Tuesday 4/09/2012 Rhiana Whitson, ABC Gippsland
About 100 people attended a public meeting on coal seam gas on Monday, organised by the newly-formed Wellington Coal Seam Gas Wellington Awareness Group
Representatives from Doctors for the Environment, the Environment Defenders Office and Monash University spoke about the potential risks associated with CSG mining and exploration and landholders rights to refuse mining.
Esso, an affiliate of ExxonMobil, was not invited to speak at the event but a company representative attended the meeting and answered questions from the crowd.
Esso and Ignite Energy Resources hold licences to explore coal seam gas options in large areas of Gippsland.
ExxonMobil spokesman Chris Welbury says the company will begin drilling for coal seam gas over the next 18 months to see whether mining CSG is commercially viable.
He says the company will not use hydraulic fracking during the exploration phase.
We're not going to be producing any gas, producing any water, we're not going to be using any hydraulic fracturing technique, we're purely taking samples of the coal to understand whether that has gas.
We will only move forward with a project if we can demonstrate to ourselves and to the community that the gas can be extracted safely.
Monash University environmental engineer Dr Gavin Mudd says there is not enough research to allay concerns about the environmental and health risks associated with CSG.
He says CSG mining could pose serious risks for water quantity and quality and that evidence of this had been observed in Queensland and New South Wales.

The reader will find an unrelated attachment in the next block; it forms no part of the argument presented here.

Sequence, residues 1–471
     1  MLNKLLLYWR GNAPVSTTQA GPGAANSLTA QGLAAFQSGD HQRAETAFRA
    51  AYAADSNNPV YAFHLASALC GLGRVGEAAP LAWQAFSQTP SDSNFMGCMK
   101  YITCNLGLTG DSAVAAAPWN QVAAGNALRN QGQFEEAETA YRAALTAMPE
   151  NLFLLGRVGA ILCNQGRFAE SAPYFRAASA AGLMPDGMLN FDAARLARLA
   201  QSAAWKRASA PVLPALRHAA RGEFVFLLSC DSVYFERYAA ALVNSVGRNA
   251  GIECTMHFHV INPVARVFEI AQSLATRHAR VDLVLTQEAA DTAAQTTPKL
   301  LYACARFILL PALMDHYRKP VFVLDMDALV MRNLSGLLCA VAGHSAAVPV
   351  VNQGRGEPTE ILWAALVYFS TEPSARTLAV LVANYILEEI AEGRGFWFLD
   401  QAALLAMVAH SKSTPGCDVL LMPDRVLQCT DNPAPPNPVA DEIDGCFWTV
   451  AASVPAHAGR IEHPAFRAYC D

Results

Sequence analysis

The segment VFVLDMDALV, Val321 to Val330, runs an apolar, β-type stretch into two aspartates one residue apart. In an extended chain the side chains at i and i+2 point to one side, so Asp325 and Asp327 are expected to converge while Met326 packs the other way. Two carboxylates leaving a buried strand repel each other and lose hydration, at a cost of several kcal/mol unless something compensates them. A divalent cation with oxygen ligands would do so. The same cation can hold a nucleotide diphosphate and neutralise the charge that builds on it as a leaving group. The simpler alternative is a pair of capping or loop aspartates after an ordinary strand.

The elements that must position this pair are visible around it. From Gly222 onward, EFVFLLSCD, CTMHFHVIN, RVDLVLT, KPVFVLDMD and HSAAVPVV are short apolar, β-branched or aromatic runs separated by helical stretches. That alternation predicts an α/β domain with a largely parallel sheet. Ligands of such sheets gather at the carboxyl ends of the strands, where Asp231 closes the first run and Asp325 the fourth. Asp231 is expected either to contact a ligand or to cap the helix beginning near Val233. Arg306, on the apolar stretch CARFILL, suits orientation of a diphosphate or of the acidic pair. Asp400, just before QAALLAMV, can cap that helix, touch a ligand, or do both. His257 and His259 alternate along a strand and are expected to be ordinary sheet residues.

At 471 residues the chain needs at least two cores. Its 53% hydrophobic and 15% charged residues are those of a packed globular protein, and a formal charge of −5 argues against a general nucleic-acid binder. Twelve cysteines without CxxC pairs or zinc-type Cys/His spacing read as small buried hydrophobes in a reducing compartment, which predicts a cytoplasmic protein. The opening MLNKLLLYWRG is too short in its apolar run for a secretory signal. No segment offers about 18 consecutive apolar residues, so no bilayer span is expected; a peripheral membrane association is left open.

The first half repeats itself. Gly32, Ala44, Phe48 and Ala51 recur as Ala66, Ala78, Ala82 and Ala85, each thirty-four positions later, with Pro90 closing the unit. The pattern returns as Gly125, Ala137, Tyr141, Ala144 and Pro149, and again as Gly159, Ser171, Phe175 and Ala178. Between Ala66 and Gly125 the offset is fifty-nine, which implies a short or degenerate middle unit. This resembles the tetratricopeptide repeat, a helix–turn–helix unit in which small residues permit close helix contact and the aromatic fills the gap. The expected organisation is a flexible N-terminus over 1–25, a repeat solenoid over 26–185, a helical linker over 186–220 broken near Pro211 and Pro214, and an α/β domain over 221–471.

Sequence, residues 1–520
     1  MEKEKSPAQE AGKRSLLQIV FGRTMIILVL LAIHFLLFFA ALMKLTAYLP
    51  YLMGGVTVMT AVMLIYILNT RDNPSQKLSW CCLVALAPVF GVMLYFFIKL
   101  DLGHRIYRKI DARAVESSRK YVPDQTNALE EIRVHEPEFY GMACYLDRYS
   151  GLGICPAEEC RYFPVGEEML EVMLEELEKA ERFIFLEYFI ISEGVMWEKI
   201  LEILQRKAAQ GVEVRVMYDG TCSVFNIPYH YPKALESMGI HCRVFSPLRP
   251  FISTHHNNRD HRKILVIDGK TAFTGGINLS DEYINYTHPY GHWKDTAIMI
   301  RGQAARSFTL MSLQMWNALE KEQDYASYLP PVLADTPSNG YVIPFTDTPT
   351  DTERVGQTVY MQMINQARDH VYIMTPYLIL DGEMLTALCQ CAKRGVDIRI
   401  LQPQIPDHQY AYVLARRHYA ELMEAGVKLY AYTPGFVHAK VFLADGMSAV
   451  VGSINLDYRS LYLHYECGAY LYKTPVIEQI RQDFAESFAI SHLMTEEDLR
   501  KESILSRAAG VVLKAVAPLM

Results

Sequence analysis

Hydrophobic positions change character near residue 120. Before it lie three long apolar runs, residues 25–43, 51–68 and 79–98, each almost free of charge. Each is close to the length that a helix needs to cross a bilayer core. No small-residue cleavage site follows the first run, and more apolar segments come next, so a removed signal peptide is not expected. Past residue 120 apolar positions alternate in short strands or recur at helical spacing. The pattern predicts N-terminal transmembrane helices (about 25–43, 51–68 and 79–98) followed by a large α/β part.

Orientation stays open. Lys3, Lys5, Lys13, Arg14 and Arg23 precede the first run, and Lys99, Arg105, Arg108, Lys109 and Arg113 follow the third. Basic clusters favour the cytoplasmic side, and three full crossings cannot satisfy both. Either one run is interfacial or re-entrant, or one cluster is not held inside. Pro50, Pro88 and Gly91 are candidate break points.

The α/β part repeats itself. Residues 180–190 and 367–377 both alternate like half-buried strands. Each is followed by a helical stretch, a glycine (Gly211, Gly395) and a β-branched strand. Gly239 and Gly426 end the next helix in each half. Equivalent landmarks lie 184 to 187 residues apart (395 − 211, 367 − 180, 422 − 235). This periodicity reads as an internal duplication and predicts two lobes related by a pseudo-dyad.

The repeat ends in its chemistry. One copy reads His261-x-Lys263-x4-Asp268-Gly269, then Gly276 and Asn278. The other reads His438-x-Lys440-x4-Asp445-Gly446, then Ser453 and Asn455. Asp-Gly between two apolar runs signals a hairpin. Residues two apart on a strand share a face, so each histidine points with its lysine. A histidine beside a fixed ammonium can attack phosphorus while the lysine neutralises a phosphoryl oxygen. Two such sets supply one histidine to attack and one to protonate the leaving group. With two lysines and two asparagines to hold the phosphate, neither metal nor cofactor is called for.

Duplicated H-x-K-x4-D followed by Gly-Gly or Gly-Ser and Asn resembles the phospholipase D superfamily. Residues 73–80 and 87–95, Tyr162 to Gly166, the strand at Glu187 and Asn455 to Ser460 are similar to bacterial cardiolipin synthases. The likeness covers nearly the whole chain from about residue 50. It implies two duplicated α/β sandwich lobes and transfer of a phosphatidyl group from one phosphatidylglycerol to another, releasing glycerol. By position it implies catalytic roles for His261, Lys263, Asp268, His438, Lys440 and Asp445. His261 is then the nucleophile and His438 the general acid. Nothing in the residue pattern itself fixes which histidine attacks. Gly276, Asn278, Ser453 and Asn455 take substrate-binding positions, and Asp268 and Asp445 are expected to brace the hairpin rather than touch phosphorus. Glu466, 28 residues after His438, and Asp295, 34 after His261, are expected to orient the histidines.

In some areas it's either exacerbated or directly caused by CSG… There's also the impacts on water quality, the chemistry of the water, what's dissolved in the water and also what the water brings up with it, whether that be gases, salts, heavy metals, some people also have concerns about radio nuclei such as radium which can also be contained as well.
He says aquifers polluted from CSG could also contaminate groundwater.
Environment Defenders Office lawyer Nicholas Croggon says landholders have few legal rights to oppose mining.
Landholders do have the right to refuse entry but the State Government has the final say on whether mining is approved.
We'd like landholders to have the ability to simply to say no and not for the privilege to be accorded to the mining industry.
It's our belief that Victoria's environmental laws are currently not sufficient to deal with the sort of risks that coal seam gas mining poses.
The State Government recently banned the mining practice of fracking and any new CSG exploration licences until the Federal Government decides on a national framework to guide CSG exploration.